Fluid warming has made a major contribution to the maintenance of normothermia (8). Typically these devices are used in patients who are expected to be undergoing a surgical procedure of longer than two hours or for whom large intravascular volume fluid replacement is anticipated. Since the mid 1980s, a number of fluid-warming devices have been available, each of which strives to deliver fluids at 37°C. Most of the devices available today use either water baths or heating plates to warm the fluids before they are administered to the patient (9). Control of the flow is accomplished through the use of pressure infusers and roller clamps.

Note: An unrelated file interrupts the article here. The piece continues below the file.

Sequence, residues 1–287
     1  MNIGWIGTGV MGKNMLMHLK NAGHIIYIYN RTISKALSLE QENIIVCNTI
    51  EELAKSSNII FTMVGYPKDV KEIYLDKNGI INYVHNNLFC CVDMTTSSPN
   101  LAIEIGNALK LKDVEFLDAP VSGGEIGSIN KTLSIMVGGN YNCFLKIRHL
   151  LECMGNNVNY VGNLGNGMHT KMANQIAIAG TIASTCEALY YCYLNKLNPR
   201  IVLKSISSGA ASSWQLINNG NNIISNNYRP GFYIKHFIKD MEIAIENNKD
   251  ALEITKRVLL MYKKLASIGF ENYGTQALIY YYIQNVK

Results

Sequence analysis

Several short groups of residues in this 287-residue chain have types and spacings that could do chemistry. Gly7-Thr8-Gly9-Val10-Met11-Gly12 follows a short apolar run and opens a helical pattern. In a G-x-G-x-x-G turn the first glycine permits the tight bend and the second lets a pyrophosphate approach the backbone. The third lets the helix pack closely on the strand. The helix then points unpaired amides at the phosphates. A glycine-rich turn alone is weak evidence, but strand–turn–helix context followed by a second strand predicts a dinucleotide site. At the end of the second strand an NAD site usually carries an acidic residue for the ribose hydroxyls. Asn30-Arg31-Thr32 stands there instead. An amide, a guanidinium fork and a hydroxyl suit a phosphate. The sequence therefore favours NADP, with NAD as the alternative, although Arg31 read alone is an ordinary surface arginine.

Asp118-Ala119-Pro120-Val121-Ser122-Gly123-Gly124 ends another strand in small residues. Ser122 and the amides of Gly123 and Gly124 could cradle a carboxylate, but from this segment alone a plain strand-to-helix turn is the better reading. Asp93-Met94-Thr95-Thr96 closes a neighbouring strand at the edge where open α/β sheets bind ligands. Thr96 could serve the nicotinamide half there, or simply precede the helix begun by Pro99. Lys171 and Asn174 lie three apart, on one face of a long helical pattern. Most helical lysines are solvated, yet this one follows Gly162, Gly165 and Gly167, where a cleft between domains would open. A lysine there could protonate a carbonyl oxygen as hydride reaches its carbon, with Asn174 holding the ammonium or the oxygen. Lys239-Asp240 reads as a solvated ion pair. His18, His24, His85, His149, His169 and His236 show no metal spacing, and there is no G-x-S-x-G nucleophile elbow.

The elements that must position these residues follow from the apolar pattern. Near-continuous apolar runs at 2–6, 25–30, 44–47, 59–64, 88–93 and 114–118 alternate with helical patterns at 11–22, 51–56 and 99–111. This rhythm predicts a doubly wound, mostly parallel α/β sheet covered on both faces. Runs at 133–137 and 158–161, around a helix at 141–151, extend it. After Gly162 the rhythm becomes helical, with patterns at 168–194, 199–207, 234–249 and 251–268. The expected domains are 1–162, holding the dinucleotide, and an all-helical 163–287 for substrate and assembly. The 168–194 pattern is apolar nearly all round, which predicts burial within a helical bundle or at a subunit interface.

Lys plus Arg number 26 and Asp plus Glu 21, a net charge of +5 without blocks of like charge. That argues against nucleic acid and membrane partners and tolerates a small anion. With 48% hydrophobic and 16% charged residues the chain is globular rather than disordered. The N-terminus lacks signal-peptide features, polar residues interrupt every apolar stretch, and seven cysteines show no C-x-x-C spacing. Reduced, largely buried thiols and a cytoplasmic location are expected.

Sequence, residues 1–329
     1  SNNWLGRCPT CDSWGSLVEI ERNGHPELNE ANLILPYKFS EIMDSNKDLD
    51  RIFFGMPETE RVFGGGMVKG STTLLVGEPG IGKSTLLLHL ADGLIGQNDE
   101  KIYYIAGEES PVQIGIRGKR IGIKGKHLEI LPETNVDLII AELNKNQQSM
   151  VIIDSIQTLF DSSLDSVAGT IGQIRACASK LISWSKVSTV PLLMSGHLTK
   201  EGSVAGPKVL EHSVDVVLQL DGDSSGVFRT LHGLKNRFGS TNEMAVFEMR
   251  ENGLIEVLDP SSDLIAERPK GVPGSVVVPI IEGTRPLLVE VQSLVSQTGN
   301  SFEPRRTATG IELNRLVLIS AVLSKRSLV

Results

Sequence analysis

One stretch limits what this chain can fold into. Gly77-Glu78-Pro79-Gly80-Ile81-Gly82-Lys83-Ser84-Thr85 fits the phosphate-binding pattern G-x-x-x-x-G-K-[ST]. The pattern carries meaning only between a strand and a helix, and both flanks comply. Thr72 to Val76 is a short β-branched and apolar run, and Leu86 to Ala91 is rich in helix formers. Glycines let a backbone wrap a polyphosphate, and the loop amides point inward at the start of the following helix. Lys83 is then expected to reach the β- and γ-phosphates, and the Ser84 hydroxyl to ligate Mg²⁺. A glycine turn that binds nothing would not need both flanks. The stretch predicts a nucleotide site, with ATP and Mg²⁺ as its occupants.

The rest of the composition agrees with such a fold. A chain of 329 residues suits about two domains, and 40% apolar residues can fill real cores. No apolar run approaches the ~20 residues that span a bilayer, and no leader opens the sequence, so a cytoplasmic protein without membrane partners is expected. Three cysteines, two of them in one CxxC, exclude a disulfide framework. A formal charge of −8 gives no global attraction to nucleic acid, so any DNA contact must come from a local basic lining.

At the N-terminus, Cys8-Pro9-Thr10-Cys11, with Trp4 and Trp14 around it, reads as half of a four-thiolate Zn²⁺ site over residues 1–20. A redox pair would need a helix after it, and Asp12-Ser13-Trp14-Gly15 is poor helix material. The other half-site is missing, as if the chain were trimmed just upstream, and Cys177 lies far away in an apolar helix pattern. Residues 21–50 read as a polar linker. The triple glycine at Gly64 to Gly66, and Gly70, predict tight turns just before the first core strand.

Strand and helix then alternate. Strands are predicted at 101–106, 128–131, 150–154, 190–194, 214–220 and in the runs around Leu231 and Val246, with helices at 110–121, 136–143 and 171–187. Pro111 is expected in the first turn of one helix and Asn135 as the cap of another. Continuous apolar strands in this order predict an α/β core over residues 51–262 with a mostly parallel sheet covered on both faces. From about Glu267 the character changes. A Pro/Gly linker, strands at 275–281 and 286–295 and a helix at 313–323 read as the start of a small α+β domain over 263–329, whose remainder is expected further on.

A study by Patel et al. (7), which compared both conventional and newer types of fluid-warming devices, demonstrated that the efficiency of many warmers is reduced over a range of flows and that in some cases, temperature readouts may be misleading. For example, the authors reported that at moderate flow rates (20 mL/min), the measured outward temperature of the infusate through the Flotem® warmer (Datacem, Indianapolis, IN) was 33.1°C. Despite the fact that the temperature display indicated that the heater plates were set at 37°C, the temperature at the distal end of the 84-cm patient line was 30.8°C. Similarly, the Hot Line® (SIMS Level 1) device was capable of delivering normothermic infusate at flow rates up to 25 mL/min; however, with maximum flow used for pressure infusion (218 mL/min), the temperature of the infusate was 28.9°C. This device is specifically designed for warming at slow flow rates, and the manufacturer does not recommend pressure infusion. However, the current study with the Level 1 rapid infusion system Model H1025 yielded surprisingly similar results. When flow was controlled through the Level 1 by using the rollerpump, a flow of 500 mL/min produced fluid at a near-physiologic temperature for blood (36.7°C). However, a decline in infusate temperature was observed over the period of flow (Fig. 3). When the Level 1 system was pressurized, as in clinical practice, flow rates increased to 575 mL/min. At this flow rate, temperature decreased dramatically to 32.1°C ± 0.4°C. This is consistent with previous laboratory data examining countercurrent heat exchangers (6) and is an important finding, because the rate of fluid infusion with the Level 1 rapid infuser cannot be accurately controlled. Thus, when the system is pressurized at the manufacturer’s recommended 300 mm Hg and maximum flow is allowed to occur, a decline in infusate temperature results. Practitioners should therefore be aware that although rapid-volume infusion is occurring, infusate temperature will be substantially reduced, creating the potential for hypothermia.